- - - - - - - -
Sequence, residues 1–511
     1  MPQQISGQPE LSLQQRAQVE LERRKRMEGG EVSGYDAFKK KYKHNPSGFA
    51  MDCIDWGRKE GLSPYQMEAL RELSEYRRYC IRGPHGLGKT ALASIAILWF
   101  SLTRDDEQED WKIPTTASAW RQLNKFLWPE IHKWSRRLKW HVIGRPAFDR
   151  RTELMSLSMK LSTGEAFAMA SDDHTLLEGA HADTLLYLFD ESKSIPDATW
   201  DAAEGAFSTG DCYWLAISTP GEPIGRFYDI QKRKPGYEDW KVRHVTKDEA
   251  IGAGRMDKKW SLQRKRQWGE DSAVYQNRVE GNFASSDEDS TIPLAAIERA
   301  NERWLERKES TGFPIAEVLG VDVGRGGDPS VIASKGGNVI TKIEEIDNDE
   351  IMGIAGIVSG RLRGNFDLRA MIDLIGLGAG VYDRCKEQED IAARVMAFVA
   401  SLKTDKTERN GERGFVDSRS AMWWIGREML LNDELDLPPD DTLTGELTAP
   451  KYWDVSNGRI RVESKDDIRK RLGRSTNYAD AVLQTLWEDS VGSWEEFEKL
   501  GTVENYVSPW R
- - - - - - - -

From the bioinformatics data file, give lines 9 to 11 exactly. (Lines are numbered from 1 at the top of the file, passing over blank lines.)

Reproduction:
   351  IMGIAGIVSG RLRGNFDLRA MIDLIGLGAG VYDRCKEQED IAARVMAFVA
   401  SLKTDKTERN GERGFVDSRS AMWWIGREML LNDELDLPPD DTLTGELTAP
   451  KYWDVSNGRI RVESKDDIRK RLGRSTNYAD AVLQTLWEDS VGSWEEFEKL